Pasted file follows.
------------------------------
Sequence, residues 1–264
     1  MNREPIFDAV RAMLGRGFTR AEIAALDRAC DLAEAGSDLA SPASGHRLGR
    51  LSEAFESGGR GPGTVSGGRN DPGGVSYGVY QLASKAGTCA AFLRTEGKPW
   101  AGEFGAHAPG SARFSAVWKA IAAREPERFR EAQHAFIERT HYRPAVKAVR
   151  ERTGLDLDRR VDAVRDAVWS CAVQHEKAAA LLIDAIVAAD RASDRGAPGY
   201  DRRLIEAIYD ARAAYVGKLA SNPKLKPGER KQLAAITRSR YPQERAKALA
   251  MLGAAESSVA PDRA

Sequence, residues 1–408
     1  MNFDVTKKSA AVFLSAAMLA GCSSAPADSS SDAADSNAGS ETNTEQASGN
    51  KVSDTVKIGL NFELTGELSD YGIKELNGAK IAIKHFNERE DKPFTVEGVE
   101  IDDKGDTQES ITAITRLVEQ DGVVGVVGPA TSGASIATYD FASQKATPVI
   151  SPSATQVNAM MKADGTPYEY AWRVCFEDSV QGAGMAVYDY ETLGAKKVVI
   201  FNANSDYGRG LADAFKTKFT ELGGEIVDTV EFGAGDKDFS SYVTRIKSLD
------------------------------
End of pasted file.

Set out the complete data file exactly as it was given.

Sequence, residues 1–264
     1  MNREPIFDAV RAMLGRGFTR AEIAALDRAC DLAEAGSDLA SPASGHRLGR
    51  LSEAFESGGR GPGTVSGGRN DPGGVSYGVY QLASKAGTCA AFLRTEGKPW
   101  AGEFGAHAPG SARFSAVWKA IAAREPERFR EAQHAFIERT HYRPAVKAVR
   151  ERTGLDLDRR VDAVRDAVWS CAVQHEKAAA LLIDAIVAAD RASDRGAPGY
   201  DRRLIEAIYD ARAAYVGKLA SNPKLKPGER KQLAAITRSR YPQERAKALA
   251  MLGAAESSVA PDRA

Sequence, residues 1–408
     1  MNFDVTKKSA AVFLSAAMLA GCSSAPADSS SDAADSNAGS ETNTEQASGN
    51  KVSDTVKIGL NFELTGELSD YGIKELNGAK IAIKHFNERE DKPFTVEGVE
   101  IDDKGDTQES ITAITRLVEQ DGVVGVVGPA TSGASIATYD FASQKATPVI
   151  SPSATQVNAM MKADGTPYEY AWRVCFEDSV QGAGMAVYDY ETLGAKKVVI
   201  FNANSDYGRG LADAFKTKFT ELGGEIVDTV EFGAGDKDFS SYVTRIKSLD